Russia has brokered a ceasefire and Russian troops have been deployed, but the incitement to hatred in the Caucasus will not go away any time soon. Armenians have very bitter memories of Turkish atrocities in the past. They have only been reinforced by Erdogan’s recent Turkish expansionism. Yet the bottom line is that the geostrategic interest of both Russia and Turkey have been strengthened. Turkish support for Azerbaijan has been long standing since the fall of the Soviet Union and the access corridor in the ceasefire will provide Turkey with potential trade access to central Asia and to China’s “belt and road” network.

The conflict has much wider implications since it shows that as in Russian actions in the Crimea and Eastern Ukraine, the deployment of hard power can be used to expand and consolidate influence in those grey areas of international competition. In the Middle East where both Russia and Turkey have employed hard power in Syria, the Abraham Accords, where Israel is a central player, and Saudi Arabia is a hidden partner (and where the long-standing dispute with Qatar has been resolved) is seen also a threat to both.

With regard to the way ahead for Russia and Turkey, Andrew Rettman wrote this recently in the EU Observer about their relationship: “Turkey and Russia have pledged to go further on military cooperation despite US sanctions, in a move that risks destabilizing NATO. “We prefer to solve all issues, including that of the S-400, through negotiations,” Turkish foreign minister Mevlüt Çavuşoğlu said on Tuesday (29 December), referring to a Russian-made air-defence system bought by Turkey.

Recent US sanctions over the purchase were “an act of aggression against our country’s sovereign rights” the Turkish minister said. “We will not give up on our intentions,” Çavuşoğlu added, after meeting Russian foreign minister Sergei Lavrov in Sochi, Russia.

 The U.S. blacklisted four Turkish officials in December over the S-400 and previously excluded Turkey from a fighter-jet development program, amid concern Russian-made radars could jeopardize NATO assets in the region. 

 But for Russia’s Lavrov, the West was trying to drive a wedge between Turkey and Russia because they had defied its claim to monopoly on power.  “We appreciate … the principled disposition of our Turkish colleagues to continue cooperation in this area, despite the continuing illegitimate pressure from Washington,” Lavrov said in Sochi.[4]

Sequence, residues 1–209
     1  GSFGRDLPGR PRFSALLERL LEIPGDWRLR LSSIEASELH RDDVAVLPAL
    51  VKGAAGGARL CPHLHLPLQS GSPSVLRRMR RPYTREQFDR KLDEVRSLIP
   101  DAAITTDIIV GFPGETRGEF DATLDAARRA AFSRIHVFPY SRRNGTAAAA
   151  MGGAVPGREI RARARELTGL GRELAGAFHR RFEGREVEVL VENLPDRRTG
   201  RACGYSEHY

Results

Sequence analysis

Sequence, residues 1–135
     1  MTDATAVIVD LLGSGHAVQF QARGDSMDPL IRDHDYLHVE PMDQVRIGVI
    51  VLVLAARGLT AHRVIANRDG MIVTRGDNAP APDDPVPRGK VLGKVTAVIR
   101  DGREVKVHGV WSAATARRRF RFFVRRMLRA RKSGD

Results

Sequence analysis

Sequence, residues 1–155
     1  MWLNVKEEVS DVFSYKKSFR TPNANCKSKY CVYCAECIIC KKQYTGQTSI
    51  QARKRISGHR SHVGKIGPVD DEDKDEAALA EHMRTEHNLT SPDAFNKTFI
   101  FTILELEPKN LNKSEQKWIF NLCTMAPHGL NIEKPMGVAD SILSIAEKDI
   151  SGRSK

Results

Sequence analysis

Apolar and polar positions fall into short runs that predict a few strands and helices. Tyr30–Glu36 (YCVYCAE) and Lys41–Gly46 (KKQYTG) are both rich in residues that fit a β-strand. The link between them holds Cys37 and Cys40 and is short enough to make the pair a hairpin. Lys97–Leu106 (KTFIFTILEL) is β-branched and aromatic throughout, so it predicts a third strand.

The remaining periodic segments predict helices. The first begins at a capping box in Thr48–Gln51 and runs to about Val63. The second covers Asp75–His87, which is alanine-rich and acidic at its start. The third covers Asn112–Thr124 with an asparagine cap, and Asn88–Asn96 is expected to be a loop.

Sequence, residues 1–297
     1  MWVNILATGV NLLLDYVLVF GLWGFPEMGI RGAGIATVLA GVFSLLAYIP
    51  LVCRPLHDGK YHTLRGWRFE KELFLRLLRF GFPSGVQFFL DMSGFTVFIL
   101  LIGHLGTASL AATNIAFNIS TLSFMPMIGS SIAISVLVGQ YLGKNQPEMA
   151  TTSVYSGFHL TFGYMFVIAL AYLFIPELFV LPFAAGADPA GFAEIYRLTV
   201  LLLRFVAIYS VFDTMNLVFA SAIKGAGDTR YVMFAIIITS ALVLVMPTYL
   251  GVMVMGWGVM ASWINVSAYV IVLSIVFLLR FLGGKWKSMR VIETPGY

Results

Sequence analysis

Those states most concerned with the direct Russian threat, such as Poland, are not finding this relationship amusing, but it is notable that the Russian foreign minister went out of his way to highlight the importance of Turkish sovereignty versus its membership in NATO. This is a very revealing and accurate comment.

Unsurprisingly, Boris Johnson’s government as just staged a free trade deal with Erdoğan, which came into effect on January 1st without the most rudimentary parliamentary scrutiny.  This is part of Johnson’s post-Brexit “global Britain” agenda. It comes, of course after Johnson scared the leave voters in the Brexit referendum with a vision of hordes of Turkish migrants arriving in Britain. Turkey has had a £18.6bn two-way trade with Britain in recent years and Britain is Turkey’s second largest export market. British trade with Turley involves £1.3bn in arms sales.

Russia Leveraging the Growing Impact of 21st Century Authoritarianism

The Chinese efforts to expand their influence in Europe, the Turkish approach to reshaping the Mediterranean region to their advantage with no regard to its NATO allies, and the growing capability of the Russians to savage the Western digital economies, puts them into a much better position than if they had to rely only on their own capabilities and positions.

It needs to be remembered as we face Obama III, that the Obama II team consistently underrated what Putin could do. For Secretary Kerry (now Climate Change Kerry), the Russians were living in the 19th Century. For Vice President Biden, the Russians were a weak power bound to fail in the face of the dynamic West.

This is how we put it in our book on The Return of Direct Defense in Europe:

 “The Obama Administration built its reset policy on the notion that Russia was weak and at best a regional power. His Vice President, Joe Biden, characterized the Russian challenge in 2009 as follows: “The reality is the Russians are where they are. They have a shrinking population base, they have a withering economy, they have a banking sector and structure that is not likely to be able to withstand the next 15 years, they’re in a situation where the world is changing before them and they’re clinging to something in the past that is not sustainable.”

What Putin will try to do as he faces opposition at home, and the very negative consequences of the COVID-19 situation within Russia, is what virtually all authoritarian leaders do in crises: leverage what their friends are doing and work it to their best advantage.

In short, these trend lines and there are more, set in motion the prospects for significant geopolitical change in the next few years.

[1] Charles Grant, “Ten Reflections on a Sovereignty First Brexit,” Centre for European Reform (December 28, 2020),

[2] Jeffrey D. Sachs, “Europe and China’s Year End Breakthrough,” Project Syndicate (December 31, 2020.)

[3] Hans Von Der Burchard, “Merkel Pushes EU-China Investment Deal Over the Finish Line Despite Criticism,” Politico (December 29, 2020),

[4] Andrew Rettman, “Turkey and Russia Arms Deal, NATO Headache,” EU Observer (December 30, 2020),